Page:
Snowstorm in Japan: 1,000 people stayed overnight in the 9-mile blockade

Reports of the traffic jam on the Kanetsu Highway linking Tokyo and Niigata prefectures began to appear on Wednesday. Until the early hours of Thursday, authorities closed the entrance to the highway to ease congestion.

jam it started after a car got stuck in deep snow in the middle of the highway, stopping traffic, according to Nippon Expressway Company (NEXCO), the country’s highway operator.

The central and northern regions of the country were hit by heavy snow that morning, disrupting transit and causing the loss of power to some communities.

Accumulated traffic on the blocked highway; at the peak on Thursday night, the blockade extended to 15 kilometers (about 9.3 miles), NEXCO told CNN. Some segments of the long traffic line were able to move slowly with starts and stops, but some drivers remained stuck for more than 40 hours.

Hundreds of vehicles blocked due to heavy snow on the Kanetsu highway on December 17.

The blockade continued until Friday; the lanes coming from Tokyo were finally cleared, but the lanes heading for the capital were still stopped. At noon on Friday, another 1,000 cars were blocked.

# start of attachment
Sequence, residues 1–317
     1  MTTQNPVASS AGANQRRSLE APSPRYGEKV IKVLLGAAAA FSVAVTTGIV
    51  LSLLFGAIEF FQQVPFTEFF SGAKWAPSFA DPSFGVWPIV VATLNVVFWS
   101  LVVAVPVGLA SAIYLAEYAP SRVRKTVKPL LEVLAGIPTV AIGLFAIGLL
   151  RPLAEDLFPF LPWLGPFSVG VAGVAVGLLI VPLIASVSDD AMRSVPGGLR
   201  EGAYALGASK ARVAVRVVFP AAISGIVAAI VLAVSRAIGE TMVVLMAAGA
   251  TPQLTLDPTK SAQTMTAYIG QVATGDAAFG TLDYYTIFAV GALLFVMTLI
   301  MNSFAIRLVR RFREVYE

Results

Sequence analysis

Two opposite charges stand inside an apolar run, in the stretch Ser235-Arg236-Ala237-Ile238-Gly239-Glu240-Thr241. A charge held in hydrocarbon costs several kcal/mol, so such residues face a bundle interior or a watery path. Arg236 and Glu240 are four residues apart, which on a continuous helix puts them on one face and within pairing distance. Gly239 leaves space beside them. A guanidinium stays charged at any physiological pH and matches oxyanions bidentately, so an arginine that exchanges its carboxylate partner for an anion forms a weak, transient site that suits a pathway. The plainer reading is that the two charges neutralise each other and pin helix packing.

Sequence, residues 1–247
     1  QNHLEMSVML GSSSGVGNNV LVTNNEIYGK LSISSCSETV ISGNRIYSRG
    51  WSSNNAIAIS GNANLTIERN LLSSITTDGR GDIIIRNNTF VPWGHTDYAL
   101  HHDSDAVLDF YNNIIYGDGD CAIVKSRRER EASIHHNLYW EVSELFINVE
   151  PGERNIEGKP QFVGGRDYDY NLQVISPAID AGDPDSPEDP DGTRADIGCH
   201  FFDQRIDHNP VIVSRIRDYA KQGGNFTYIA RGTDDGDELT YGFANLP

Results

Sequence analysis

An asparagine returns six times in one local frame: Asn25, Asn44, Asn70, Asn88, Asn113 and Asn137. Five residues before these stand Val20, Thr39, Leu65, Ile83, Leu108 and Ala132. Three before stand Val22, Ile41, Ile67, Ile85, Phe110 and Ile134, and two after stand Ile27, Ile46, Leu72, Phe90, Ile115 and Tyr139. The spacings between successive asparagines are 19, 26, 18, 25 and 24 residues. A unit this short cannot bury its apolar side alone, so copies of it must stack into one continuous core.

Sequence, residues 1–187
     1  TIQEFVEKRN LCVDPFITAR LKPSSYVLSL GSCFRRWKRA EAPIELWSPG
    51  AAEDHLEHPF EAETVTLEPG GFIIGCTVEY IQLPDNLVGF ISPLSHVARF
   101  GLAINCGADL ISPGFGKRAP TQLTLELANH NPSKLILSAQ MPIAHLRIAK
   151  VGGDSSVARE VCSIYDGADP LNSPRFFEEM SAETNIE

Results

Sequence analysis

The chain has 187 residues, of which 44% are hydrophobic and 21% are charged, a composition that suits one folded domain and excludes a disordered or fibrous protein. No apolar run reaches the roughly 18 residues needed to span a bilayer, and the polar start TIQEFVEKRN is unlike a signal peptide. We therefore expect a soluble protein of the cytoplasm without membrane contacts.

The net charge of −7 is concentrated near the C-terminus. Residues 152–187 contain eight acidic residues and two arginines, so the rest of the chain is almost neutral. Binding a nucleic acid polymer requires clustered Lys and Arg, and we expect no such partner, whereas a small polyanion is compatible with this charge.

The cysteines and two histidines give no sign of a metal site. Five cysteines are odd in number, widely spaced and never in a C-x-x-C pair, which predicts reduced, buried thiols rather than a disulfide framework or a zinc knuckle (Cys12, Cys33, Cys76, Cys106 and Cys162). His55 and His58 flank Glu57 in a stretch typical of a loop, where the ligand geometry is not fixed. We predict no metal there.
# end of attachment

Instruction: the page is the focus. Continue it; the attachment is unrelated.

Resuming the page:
Highway photos show long lines of cars not moving, many with piles of snow above and around their vehicles, stuck in the middle of the snow-covered fields.

Limited relief came on Thursday, when emergency services distributed rice balls, bread, biscuits, sweet snacks and 600 bottles of water, as well as thousands of liters of petrol and diesel.

But it wasn’t enough, with drivers stuck in the cold for many more hours.

“The snow was extremely heavy. As time went on, the cars were buried. I was really scared,” an anonymous driver told Japanese public broadcaster NHK. “I ate all my food and drinks. Now, to drink water, I have to melt the snow I collect in a plastic bottle.”
Self-Defense Forces personnel in Japan are preparing food and water for those stranded on Kanetsu Highway on December 17.

A 30-year-old woman and a 60-year-old man were transported from the blockade to the hospital for respiratory problems and nausea on Thursday, according to Niigata crisis management officer Tsuyoshi Watanabe. No fatal or serious incidents have been reported so far.

Watanabe added that the prefecture had requested the sending of Japanese Self-Defense Forces to provide water, food, petrol and portable toilets for people still stranded on Friday and to help clear the snow.

NEXCO also warns drivers, through social media and radio, to be aware of the risk of carbon monoxide poisoning while waiting in their cars for hours.

Prime Minister Yoshihide Suga met with ministers to discuss heavy snowfall, urging local officials to work together to restore services and help those affected, NHK reported.

This story has been updated to reflect that the blockade began on Wednesday.